As I said above, the key element of a suspense story is that the heroine is isolated in some way. It might be physical isolation, like she's taken a job as a park ranger or a governess in a secluded estate. It could also be an internal factor: anything from a disability to extreme self-consciousness. (As often as not over some tiny blemish she thinks is disfiguring but nobody else notices.) Or it might be social isolation: she's a member of a dispised class or disgraced family.
In most romantic suspense stories, there will be more than one factor. However, for brainstorming we need to pick the most important one -- the one that drives the story.
For instance, if you had a character who was both a park ranger and was excessively self-conscious about some minor scars on her face, only one of those would really drive the story: Either she was so self-conscious that it hampers her entire life, and she took the job to get away from people; or she is an independant woman with a career as a lonely park ranger, who has this little self-consiousness problem. In the first, the villain will be able to play on this self-consciousness to defeat her. In the second, the self-consciousness will be like Indiana Jones and snakes; if the villain uses it against her, it will only piss her off.
This is not an action adventure story, though, so in either case, she will still be vulnerable. It's just that in the second case it's external factors that make her vulnerable.
Okay, so now we make the list.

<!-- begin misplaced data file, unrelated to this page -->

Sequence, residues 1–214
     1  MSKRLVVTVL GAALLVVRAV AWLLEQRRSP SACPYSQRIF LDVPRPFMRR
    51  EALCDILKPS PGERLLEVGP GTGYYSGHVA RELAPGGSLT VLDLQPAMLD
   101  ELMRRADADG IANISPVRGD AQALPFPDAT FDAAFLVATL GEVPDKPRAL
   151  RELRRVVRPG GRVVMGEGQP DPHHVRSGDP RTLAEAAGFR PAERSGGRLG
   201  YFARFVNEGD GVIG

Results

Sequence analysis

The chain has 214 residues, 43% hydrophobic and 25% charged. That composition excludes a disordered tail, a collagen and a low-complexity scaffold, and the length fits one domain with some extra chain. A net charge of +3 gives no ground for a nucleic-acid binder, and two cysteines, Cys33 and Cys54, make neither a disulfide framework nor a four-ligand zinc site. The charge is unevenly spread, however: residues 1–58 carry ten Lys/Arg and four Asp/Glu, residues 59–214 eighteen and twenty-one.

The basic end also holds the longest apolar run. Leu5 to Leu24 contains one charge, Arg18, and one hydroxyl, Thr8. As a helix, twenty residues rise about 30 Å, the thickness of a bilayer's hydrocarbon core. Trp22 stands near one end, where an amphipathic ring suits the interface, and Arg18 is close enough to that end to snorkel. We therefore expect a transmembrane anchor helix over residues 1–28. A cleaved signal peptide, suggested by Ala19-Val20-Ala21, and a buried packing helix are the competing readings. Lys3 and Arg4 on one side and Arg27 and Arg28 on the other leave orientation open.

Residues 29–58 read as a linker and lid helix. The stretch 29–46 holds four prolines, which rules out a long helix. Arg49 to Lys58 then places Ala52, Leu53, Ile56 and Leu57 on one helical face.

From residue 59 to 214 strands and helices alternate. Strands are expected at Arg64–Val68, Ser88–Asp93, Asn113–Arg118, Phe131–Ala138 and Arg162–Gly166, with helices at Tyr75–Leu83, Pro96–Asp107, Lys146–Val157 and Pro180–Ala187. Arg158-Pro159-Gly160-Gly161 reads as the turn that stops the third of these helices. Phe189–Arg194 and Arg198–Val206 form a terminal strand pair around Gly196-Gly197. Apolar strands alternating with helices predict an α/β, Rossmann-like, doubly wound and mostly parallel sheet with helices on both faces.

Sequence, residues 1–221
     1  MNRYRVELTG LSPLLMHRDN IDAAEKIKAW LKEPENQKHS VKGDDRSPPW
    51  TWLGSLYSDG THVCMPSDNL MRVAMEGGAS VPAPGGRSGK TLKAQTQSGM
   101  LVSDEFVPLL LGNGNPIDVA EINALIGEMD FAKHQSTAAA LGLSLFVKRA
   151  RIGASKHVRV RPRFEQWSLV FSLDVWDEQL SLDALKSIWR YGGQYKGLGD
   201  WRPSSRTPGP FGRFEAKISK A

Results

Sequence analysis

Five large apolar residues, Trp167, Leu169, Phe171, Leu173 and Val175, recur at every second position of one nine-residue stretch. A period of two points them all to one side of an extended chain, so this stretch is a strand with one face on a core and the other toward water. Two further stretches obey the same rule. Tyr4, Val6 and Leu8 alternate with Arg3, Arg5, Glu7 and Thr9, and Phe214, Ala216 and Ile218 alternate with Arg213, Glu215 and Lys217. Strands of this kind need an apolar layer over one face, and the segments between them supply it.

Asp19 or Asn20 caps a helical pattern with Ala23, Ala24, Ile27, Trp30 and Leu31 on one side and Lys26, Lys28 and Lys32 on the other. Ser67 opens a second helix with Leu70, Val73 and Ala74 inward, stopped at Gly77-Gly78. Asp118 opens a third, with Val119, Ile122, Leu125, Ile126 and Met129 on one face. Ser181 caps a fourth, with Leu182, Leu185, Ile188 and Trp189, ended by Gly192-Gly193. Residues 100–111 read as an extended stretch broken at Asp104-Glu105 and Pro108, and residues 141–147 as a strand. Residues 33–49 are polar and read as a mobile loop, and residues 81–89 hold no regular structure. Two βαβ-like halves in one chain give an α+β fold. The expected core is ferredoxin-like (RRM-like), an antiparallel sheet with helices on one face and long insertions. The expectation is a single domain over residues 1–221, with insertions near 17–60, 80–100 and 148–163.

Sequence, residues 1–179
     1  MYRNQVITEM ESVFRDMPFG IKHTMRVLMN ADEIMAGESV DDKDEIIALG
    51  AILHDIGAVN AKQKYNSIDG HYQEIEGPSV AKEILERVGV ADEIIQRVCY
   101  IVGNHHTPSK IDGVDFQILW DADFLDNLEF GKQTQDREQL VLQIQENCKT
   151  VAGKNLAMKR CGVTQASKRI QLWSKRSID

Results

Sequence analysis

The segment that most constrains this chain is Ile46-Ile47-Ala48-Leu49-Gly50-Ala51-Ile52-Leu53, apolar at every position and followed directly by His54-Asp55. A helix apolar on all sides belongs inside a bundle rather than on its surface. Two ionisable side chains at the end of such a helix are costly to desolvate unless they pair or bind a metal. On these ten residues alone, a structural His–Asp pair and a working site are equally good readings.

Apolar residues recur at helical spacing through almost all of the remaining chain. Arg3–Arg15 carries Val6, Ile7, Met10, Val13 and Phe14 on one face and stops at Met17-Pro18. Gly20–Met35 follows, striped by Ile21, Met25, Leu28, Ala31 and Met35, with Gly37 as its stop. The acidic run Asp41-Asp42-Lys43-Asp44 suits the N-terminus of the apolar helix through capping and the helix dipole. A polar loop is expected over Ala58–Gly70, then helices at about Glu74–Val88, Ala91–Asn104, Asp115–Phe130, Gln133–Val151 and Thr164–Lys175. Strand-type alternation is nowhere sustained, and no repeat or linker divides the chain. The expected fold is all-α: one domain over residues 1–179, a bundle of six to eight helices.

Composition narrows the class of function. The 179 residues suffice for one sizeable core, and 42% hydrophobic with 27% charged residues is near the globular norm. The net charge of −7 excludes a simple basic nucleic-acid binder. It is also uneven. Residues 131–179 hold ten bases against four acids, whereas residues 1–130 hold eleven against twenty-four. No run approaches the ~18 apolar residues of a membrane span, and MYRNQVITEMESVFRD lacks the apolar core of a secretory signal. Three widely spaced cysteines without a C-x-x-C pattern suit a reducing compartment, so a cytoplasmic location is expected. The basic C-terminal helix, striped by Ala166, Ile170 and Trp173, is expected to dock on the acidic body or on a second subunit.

There are two ways to go about it. You can really drill down and get detailed -- have choices for "Park Ranger" and "Governess" and "Suffers from positional vertigo" -- or you can just do categories, and leave the specifics to the brainstorming stage.
I prefer to go with categories, however sometimes to figure out your categories, you have to brainstorm the specifics first -- so go ahead and do that if you want. Also, to create a great wheel, you need to think about your own inclinations and preferences. If there are some tropes I really like, I'll get really specific on those so that there are more choices of that type. That not only means the wheel will favor that trope, but it will also force me to think deeper to come up with variations on each variation.
The other thing I like to do is intentionally put a few items that I don't particularly like - just to force myself to work at it sometimes. And sometimes to do that, I have to make an item very specific. For instance, one of the items is "Secret Child." I'm not really fond of that as a story trope, but it's common enough in romance that Amazon actually has a browsing category for it. So it's on there even if it is rather specific.
1.) Physical Isolation (isolated job, isolated living quarters)
2.) Social Isolation (servant, poor relation or step-child, lives in a country where she doesn't speak the language, etc.)
3.) Made a Terrible Mistake in the past
4.) Made a Terrible Mistake which was really someone else's fault.